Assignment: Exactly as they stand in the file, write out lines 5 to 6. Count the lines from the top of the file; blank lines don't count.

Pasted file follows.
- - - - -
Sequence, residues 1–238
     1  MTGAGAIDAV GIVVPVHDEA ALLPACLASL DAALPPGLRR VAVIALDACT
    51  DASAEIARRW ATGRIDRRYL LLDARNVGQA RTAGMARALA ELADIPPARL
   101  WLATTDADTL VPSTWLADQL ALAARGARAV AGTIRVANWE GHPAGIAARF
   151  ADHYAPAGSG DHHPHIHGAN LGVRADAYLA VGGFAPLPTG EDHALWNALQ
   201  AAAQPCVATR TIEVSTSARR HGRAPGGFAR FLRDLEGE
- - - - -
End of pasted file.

   151  ADHYAPAGSG DHHPHIHGAN LGVRADAYLA VGGFAPLPTG EDHALWNALQ
   201  AAAQPCVATR TIEVSTSARR HGRAPGGFAR FLRDLEGE